G20 endorses action plan on trade, investment and supply chains to support growth

19 Oct 2020


Finance ministers and central bank governors of the Group of 20 major economies at their meeting in Riyadh, Saudi Arabia, have agreed on an action plan to facilitate international trade, investment and to build resilience of supply chains to support growth, productivity, innovation, job creation and development, even as they committed themselves to specific actions to navigate the present crisis caused by the coronavirus epidemic.

They also committed themselves to strengthen international cooperation and frameworks, endorsed at the 15 April 2020 meeting and take steps to support recovery and achieve strong, sustainable, balanced and inclusive growth. 
A communique issued at the close of the meeting underscored the urgent need to bring the spread of the virus under control, which is key to supporting global economic recovery.
The G20 leaders also committed themselves to continue working together to support the poorest countries as they address health, social and economic challenges associated with the Covid-19 pandemic. 
In this, the G20 noted the role of the Debt Service Suspension Initiative (DSSI), which allows eligible countries to suspend official bilateral debt service payments through end-2020. 
The International Monetary Fund (IMF) and the World Bank Group (WBG) estimates that together with exceptional financing, the DSSI is significantly facilitating higher pandemic-related spending. “The IMF and WBG have also continued to work on their proposal of a process to strengthen the quality and consistency of debt data and improve debt disclosure, and we look forward to further efforts in this area. 
“In light of the continued liquidity pressure, while progressively addressing debt vulnerabilities, we agreed to extend the DSSI by 6 months, and to examine by the time of the 2021 IMF/WBG Spring Meetings if the economic and financial situation requires to extend further the DSSI by another 6 months, with targeted complements to the April 2020 DSSI Term Sheet as set forth in the attached addendum (Annex II), which is also agreed by the Paris Club. All official bilateral creditors should implement this initiative fully and in a transparent manner. We will continue to closely coordinate its ongoing implementation to provide maximum support to DSSI-eligible countries,” the G20 stated. 
G20 noted that multilateral development banks (MBDs) have committed $75 billion to DSSI-eligible countries over the period between April-December 2020 alone, as part of their $230 billion commitment to emerging and low- income countries as a response to the pandemic. While protecting their current ratings and low cost of funding, MDBs are encouraged to go further on their collective efforts in supporting the DSSI, including through providing net-positive flows to DSSI-eligible countries during the suspension period, including the extension period.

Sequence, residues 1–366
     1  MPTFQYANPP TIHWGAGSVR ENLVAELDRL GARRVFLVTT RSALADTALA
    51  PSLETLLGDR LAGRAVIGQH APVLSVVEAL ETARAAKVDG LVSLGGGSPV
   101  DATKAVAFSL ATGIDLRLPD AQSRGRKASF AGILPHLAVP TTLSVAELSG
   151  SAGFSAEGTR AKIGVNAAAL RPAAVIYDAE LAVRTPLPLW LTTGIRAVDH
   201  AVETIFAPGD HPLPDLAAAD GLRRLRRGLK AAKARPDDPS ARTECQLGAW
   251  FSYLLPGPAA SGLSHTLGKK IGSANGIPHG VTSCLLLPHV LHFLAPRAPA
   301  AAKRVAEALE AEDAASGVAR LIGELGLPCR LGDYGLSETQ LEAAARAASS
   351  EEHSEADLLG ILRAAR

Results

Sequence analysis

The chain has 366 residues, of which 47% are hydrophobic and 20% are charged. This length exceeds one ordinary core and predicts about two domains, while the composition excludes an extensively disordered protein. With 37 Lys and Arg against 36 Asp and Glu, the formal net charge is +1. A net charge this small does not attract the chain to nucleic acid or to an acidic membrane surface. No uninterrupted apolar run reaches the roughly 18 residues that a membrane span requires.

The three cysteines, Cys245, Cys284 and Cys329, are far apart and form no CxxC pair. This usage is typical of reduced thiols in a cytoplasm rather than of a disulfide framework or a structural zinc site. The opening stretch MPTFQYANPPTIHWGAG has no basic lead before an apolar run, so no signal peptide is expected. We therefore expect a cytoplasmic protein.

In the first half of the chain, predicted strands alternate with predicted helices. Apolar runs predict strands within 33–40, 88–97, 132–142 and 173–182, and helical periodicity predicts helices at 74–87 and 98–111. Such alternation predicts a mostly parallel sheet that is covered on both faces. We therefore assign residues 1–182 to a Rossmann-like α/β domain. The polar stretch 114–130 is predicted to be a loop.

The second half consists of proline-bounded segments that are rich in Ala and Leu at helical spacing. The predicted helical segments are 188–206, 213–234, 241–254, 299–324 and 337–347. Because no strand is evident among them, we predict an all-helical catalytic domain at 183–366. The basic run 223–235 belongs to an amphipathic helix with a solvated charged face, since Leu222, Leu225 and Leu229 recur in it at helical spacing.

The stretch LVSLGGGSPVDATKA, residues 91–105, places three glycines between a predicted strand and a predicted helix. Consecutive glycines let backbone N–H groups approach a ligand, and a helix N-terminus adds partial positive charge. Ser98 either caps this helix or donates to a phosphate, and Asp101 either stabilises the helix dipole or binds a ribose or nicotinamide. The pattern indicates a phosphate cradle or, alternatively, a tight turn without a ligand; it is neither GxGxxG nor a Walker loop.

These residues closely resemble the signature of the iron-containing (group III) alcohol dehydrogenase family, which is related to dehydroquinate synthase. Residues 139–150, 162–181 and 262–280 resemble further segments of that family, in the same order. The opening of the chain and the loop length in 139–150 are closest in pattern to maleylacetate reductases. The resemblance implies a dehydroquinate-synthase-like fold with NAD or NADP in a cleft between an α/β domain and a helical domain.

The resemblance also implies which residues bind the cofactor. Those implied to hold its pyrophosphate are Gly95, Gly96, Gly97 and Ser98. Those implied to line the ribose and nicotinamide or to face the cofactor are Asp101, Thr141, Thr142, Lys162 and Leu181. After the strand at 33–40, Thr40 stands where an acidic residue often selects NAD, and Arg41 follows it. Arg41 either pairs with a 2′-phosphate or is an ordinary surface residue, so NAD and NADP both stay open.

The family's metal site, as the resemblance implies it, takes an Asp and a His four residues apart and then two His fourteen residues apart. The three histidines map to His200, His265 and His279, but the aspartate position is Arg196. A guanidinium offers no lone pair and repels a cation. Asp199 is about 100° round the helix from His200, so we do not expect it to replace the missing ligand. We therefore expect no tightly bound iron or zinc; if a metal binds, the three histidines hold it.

G20 has sought details of the new resources provided to each eligible country as per the proposal by the Organisation for Economic Cooperation and Development (OECD) to host the data repository and to further update on the implementation of the Institute of International Finance (IIF) Voluntary Principles for Debt Transparency.
This is needed to ensure a stronger global financial safety net with a strong, quota-based, and adequately resourced IMF at its centre, and keep demands on IMF resources under close review, it added.  
The G20 also decided to continue cooperation for a globally fair, sustainable, and modern international tax system, even as the leaders recognised the impact of the global pandemic and the work of addressing tax challenges arising from the digitalisation of the economy. 
The G20 also welcomed the report approved by the G20/OECD Inclusive Framework on BEPS on the tax policy implications of virtual currencies as also the progress made on implementing the internationally agreed tax transparency standards.
They sought the early implementation of the Financial Stability Board (FSB) completing the evaluation of the effects of the too-big-to-fail reforms as also the reports on work to avoid harmful market fragmentation from the FSB and the International Organisation of Securities Commissions (IOSCO).
The leaders also welcomed the updated G20 Financial Inclusion Action Plan (2020 FIAP), which, they said, will guide the work of the Global Partnership for Financial Inclusion (GPFI) for the next three years. 

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